What about the lead content in your products?
As I already mentioned, all our products are lead free - interior or
exterior – they comply with the standard norms. Our focus is always on maintaining quality and we are the first company to bring lead-free and eco-friendly products in Nepal.
How are you promoting your products? How much do you rely on advertisements?
There are two things. One is the quality of the products; if the quality is good it will speak for itself. Those who have used our products have appreciated their quality. They are repeatedly asking for our products. Hence, the popularity of our products is spreading by word of mouth. So far as our presence in the media is considered, in the last two years, we are supposed to be the most alive company in the Nepali market. Our advertisement comes in all digital and print media. Bollywood star Shahrukh Khan is the brand ambassador and has endorsed our product. This advertisement is coming in almost all Indian and Nepali TV channels. Nepali celebrities too have endorsed our products. You can see the advertisement of Kansai Nerolac paints in almost all major newspapers and magazines from time to time. We are also doing lots of ATL and BTL activities. In my view, advertisement is only a means to communicate our presence; ultimately quality will speak. We always wanted to be a trustworthy brand which people can depend on.
How has the merger with Shalimar paints helped your business?
There may be different backgrounds for mergers and acquisitions. In Nepal, Shalimar Paints was a recognized company locally. By acquiring Shalimar, we got an immediate network, though the manufacturing plant, machineries and equipment have to upgraded or replaced to make it most modern international standard manufacturing unit. It was good for the dealers as well because earlier they were selling local paint and after this acquisition they have now International brand and best in Class quality to offer to their consumers.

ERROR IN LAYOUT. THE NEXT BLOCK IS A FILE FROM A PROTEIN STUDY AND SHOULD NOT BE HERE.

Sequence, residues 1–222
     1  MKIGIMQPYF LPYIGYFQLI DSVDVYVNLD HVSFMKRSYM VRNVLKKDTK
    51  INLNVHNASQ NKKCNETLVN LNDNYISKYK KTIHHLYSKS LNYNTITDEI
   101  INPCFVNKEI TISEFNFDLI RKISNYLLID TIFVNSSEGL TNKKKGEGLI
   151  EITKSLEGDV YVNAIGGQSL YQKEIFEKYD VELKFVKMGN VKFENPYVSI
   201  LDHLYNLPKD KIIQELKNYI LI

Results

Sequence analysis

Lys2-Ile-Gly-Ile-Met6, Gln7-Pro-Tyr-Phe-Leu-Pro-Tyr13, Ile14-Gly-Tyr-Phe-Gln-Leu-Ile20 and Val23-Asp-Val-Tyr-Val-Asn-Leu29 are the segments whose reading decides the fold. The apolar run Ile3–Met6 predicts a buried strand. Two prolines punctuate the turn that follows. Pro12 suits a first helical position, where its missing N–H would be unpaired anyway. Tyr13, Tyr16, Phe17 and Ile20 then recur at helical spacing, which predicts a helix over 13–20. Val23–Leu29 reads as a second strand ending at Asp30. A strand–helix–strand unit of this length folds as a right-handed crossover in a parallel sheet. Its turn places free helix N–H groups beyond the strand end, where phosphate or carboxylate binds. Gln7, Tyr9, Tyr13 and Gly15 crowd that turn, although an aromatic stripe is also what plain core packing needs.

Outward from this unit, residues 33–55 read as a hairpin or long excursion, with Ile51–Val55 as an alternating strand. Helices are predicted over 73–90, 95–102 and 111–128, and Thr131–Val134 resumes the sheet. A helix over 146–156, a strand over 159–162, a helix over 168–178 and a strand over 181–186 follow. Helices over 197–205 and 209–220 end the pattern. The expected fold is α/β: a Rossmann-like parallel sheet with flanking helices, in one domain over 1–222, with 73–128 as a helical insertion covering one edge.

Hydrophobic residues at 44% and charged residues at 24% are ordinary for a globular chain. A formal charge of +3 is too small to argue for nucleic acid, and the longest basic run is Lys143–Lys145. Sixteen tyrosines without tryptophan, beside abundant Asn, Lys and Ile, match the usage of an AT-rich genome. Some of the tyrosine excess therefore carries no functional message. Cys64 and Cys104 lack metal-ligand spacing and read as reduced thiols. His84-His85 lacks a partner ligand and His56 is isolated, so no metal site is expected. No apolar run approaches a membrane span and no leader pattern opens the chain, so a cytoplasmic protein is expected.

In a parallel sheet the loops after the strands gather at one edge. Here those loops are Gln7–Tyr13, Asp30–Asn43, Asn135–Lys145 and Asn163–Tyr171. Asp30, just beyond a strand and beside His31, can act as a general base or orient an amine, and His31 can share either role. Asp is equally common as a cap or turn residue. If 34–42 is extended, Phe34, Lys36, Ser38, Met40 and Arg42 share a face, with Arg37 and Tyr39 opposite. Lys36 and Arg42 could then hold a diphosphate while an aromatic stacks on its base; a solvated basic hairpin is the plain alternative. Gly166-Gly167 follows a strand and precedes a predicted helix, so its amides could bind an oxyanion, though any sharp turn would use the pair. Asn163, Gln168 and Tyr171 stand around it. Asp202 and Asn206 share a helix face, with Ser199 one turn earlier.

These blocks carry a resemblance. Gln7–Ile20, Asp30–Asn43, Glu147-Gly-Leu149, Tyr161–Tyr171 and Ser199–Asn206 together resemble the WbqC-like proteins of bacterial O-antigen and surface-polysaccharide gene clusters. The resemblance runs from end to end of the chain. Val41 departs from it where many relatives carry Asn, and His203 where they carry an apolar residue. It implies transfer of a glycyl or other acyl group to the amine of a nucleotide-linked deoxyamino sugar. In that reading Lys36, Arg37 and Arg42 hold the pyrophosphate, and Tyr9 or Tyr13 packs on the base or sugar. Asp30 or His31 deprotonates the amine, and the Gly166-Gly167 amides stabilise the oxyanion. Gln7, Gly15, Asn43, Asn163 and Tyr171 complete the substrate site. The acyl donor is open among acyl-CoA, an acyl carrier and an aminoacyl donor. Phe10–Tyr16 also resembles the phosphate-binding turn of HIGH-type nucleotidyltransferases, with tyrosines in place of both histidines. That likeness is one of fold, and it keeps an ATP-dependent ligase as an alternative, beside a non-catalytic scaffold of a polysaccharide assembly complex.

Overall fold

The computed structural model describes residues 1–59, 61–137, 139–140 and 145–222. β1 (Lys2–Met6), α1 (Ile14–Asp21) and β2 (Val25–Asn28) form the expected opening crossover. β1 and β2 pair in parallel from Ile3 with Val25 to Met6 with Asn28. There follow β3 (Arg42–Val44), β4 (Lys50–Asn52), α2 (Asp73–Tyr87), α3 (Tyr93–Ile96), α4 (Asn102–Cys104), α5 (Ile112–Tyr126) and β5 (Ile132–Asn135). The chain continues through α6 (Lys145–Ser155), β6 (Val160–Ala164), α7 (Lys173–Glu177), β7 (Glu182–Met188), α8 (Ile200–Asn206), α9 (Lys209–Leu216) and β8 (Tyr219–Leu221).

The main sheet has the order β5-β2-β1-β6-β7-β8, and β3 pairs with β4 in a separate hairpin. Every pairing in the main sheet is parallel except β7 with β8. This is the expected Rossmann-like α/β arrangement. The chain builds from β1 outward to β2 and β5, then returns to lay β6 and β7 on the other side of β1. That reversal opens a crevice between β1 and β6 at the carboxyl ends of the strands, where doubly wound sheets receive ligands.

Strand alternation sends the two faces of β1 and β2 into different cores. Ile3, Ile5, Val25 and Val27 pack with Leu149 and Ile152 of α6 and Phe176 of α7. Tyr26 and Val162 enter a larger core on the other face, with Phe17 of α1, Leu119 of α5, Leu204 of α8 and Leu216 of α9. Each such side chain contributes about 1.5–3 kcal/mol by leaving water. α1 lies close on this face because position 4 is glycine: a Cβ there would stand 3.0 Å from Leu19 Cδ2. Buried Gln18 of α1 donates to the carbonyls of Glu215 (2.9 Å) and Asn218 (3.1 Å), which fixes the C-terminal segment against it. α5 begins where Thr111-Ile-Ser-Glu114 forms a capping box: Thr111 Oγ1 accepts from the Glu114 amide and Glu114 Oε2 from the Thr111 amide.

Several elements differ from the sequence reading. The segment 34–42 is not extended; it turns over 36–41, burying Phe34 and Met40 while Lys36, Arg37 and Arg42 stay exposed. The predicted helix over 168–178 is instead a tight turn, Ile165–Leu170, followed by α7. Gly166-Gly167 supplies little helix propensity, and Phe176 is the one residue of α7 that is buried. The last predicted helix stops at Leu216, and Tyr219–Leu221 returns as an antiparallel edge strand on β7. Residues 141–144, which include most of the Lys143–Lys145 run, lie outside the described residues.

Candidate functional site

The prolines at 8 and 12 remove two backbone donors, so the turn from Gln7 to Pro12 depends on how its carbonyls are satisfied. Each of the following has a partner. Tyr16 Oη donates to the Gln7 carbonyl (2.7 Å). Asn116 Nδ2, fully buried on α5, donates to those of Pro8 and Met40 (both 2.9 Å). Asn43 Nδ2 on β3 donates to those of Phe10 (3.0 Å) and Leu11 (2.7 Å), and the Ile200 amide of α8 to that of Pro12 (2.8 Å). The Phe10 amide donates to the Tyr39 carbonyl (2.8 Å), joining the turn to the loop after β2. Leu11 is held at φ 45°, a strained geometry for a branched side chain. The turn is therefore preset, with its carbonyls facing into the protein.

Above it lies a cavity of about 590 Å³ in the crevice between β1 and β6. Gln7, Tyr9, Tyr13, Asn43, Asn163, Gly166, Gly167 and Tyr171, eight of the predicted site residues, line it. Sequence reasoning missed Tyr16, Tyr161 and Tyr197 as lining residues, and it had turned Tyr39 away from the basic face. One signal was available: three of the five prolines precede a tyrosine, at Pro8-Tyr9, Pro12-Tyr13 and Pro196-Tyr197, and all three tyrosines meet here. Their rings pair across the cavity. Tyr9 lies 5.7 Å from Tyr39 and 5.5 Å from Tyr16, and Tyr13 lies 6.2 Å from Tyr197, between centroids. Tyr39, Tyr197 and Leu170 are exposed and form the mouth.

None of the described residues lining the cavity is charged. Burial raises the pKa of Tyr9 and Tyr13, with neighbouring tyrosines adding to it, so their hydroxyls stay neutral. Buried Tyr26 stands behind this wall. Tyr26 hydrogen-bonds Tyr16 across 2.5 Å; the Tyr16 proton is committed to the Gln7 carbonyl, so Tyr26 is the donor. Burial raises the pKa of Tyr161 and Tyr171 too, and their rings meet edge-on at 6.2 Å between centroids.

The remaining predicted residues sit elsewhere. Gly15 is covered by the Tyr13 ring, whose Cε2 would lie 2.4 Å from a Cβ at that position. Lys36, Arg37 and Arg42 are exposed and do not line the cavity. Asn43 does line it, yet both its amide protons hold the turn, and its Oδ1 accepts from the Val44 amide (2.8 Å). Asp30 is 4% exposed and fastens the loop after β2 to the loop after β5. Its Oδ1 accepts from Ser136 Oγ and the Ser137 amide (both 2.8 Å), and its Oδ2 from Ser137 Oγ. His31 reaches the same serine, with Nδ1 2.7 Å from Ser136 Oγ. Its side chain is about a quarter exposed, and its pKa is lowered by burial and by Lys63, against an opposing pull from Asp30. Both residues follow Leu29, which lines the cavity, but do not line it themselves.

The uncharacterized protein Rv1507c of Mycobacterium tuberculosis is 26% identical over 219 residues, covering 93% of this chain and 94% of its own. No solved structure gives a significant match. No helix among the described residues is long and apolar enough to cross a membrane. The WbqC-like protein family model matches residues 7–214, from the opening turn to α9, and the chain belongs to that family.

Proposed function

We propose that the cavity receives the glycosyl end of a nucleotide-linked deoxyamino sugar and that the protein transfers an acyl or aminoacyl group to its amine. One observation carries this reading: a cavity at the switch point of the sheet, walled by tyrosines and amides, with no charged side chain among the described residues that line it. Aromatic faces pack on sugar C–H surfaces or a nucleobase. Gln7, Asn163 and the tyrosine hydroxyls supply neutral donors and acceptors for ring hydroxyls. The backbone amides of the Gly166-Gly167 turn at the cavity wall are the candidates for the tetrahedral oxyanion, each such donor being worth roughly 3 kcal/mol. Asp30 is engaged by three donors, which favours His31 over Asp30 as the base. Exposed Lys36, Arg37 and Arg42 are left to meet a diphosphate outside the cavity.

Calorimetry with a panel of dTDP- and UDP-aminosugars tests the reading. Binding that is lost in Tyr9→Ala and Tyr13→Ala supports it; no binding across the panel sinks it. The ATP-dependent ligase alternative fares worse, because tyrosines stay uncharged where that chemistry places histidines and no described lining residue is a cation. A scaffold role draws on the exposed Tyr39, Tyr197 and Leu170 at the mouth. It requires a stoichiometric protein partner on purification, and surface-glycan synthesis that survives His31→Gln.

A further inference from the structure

You have recently removed your hoarding boards. Why ?
In the Kathmandu Valley, the Metropolitan authority ordered to remove all hoarding boards and signage. So, every hoarding board has been removed from the city including ours. I think it’s good; the city looks clean now. Though you can see our presence in hoarding boards in every corner of Nepal including national highways except Kathmandu.
Is there any problem you are facing in doing business in Nepal?
Not really. It’s a very peaceful country. We are manufacturing high quality products and are getting support from everyone including the consumers.
The housing industry which is one of the major buyers of paints is not growing as expected in Nepal. So, what is fueling your growth?
You are right to some extent. The high-rise building segment is not growing, but we cannot say the overall housing industry is not growing. We can see the bungalow segment is doing well. Apart from that, paint is a material which is required not only for new buildings but also for re-painting. So, even though the construction industry is not growing the way it should, the paint industry is certainly growing.
Which categories of paints are selling the most?
We have paints for all surfaces and all income groups. For the high-income group, we have luxury premium emulsions for exterior and interior. Likewise, we have very good products with value for money for the middle to lower income groups. We have EXCEL TOTAL, EXCEL as premium exterior paint with superior finish and life. Similarly, we have Suraksha Plus, an economy exterior paint, which gives value for money. Likewise, in the interior segment we have superior products like Impression 24 Caret Luxury Emulsion , Lotus Touch and Beauty Gold Premium Emulsion paint, and in the economy segment we have products like Little Master Emulsion paint which is worth paying to upgrade from distemper. In Nepal’s major cities where the money-flow is reasonably better, the premium emulsion range is selling high. In the hills, demand for the economy segment is more. So far as our overall portfolio is concerned, we are certainly getting better share in the premium emulsion range.